For example, when you're doing white board run time estimations, you might think of lots of small pieces of data as one big one. It's not at all the same; if you try to convince a huge SIMD array that N small pieces of data are in fact one big one, you'll get the idea.
For many apps, and I won't say "most" because I've never counted, but for many apps, data parallelism can only get you that much performance; you'll need task parallelism to get the rest. "Task parallelism" is when you have many processors running many threads, doing unrelated things.
One instruction stream is not enough, unless your app is really (and not theoretically) very simple and regular. If you have one huge processor, most of it will remain idle most of the time, so you will have wasted space in your chip.
Having ruled out one huge processor, we're left with the other extreme – lots of tiny ones. I think that this can be shown to be inefficient in a relatively intuitive way.
Each time you add a "processor" to your system, you basically add overhead. Reading and decoding instructions and storing intermediate results to local memory is basically overhead. What you really want is to compute, and a processor necessarily includes quite some logic for dispatching computations.
What this means is that if you add a processor, you want it to have enough "meat" for it to be worth the trouble. Lots of tiny processors is like lots of managers, each managing too few employees. I think this argument is fairly intuitive, at least I find it easy to come up with a dumb real-world metaphor for it. The huge processor suffering from "lack of regularity" problems is a bit harder to treat this way.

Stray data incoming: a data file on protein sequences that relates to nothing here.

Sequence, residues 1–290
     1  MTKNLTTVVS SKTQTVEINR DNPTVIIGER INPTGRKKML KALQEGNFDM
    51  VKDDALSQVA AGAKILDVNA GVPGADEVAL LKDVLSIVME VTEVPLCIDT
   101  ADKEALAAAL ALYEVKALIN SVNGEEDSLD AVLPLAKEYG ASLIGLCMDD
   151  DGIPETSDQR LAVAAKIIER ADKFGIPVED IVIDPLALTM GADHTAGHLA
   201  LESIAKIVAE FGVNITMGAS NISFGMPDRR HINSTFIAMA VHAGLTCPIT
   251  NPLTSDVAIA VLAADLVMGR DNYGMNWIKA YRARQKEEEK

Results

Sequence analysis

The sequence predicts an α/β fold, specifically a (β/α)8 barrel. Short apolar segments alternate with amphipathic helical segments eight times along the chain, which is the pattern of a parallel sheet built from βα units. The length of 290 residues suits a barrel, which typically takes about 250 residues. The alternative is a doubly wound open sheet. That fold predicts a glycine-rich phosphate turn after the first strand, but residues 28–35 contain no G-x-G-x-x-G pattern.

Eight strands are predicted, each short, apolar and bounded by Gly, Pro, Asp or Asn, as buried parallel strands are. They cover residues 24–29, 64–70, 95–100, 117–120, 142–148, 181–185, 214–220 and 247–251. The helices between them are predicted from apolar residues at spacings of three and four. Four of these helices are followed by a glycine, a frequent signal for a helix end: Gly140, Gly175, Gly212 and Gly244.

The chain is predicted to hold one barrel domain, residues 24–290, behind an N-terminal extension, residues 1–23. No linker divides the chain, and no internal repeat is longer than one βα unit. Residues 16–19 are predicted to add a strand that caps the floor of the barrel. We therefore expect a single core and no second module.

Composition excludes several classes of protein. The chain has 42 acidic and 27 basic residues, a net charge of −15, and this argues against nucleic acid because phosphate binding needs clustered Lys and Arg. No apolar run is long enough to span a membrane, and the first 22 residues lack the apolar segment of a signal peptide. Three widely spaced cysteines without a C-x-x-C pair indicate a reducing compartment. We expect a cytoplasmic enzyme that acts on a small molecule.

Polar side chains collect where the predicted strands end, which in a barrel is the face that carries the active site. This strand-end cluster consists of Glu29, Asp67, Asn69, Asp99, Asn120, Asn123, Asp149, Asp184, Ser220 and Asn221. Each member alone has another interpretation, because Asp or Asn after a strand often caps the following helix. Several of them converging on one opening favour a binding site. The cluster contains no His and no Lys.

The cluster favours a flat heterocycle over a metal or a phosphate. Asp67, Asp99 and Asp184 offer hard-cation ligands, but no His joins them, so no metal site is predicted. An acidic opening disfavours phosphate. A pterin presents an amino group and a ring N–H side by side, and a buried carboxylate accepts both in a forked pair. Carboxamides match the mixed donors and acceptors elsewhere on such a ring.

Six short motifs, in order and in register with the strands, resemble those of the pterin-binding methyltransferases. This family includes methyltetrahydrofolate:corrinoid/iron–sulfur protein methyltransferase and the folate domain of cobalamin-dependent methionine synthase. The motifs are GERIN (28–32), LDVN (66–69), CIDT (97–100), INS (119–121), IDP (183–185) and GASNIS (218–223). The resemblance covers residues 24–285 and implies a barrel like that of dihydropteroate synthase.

Since a processor has an "optimal size", it also has an optimal level of performance. If you want more performance, the optimal way to get it is to add more processors of the same size. And there you have it – your standard, boring multi-core design.
Now, I bet this would be more interesting if I could give figures for this optimal size. I could of course shamelessly weasel out of this one – the optimal size depends on lots of things, for example:
- Application domain. x86 runs Perl; C6000 runs FFT. So x86 has speculative execution, and C6000 has VLIW. (It turns out that I use the name "Perl" to refer to all code dealing with messy data structures, although Python, Firefox and Excel probably aren't any different. The reason must be that I think of "irregular" code in general and Perl in particular as a complicated phenomenon, and a necessary evil).
- The cost of extra performance. Will your customer pay extra 80% for extra 20% of performance? For an x86-based system, the answer is more likely to be "yes" than for a C6000-based system. If the answer is "yes", adding hardware for optimizing rare use cases is a good idea.
I could go on and on. However, just for the fun of it, I decided to share my current magic constants with you. In fact there aren't many of them – I think that you can use at most 8-16 of everything. That is:
- At most 8-16 vector elements for SIMD operations
- At most 8-16 units working in parallel for VLIW machines
- At most 8-16 processors per external memory module
Also, 8-16 of any of these is a lot. Many good systems will use, say, 2-4 because their application domain is more like Perl than FFT in some respect, so there's no chance of actually utilizing that many resources in parallel.
I have no evidence that the physical constants of the universe make my magic constants universally true. If you know about a great chip that breaks these "rules", it would be interesting to hear about it.